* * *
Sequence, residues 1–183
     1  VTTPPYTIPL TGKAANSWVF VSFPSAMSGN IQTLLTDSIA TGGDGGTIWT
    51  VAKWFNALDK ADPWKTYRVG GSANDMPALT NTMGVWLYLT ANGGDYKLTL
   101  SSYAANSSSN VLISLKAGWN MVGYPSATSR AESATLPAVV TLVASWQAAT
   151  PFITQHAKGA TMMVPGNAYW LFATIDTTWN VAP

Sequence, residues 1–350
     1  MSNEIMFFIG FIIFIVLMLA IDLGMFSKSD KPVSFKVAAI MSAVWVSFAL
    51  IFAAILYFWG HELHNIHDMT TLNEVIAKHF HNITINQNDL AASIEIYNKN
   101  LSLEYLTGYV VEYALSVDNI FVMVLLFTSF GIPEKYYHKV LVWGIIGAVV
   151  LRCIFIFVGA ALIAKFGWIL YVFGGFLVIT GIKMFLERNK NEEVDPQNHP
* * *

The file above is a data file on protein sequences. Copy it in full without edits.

Sequence, residues 1–183
     1  VTTPPYTIPL TGKAANSWVF VSFPSAMSGN IQTLLTDSIA TGGDGGTIWT
    51  VAKWFNALDK ADPWKTYRVG GSANDMPALT NTMGVWLYLT ANGGDYKLTL
   101  SSYAANSSSN VLISLKAGWN MVGYPSATSR AESATLPAVV TLVASWQAAT
   151  PFITQHAKGA TMMVPGNAYW LFATIDTTWN VAP

Sequence, residues 1–350
     1  MSNEIMFFIG FIIFIVLMLA IDLGMFSKSD KPVSFKVAAI MSAVWVSFAL
    51  IFAAILYFWG HELHNIHDMT TLNEVIAKHF HNITINQNDL AASIEIYNKN
   101  LSLEYLTGYV VEYALSVDNI FVMVLLFTSF GIPEKYYHKV LVWGIIGAVV
   151  LRCIFIFVGA ALIAKFGWIL YVFGGFLVIT GIKMFLERNK NEEVDPQNHP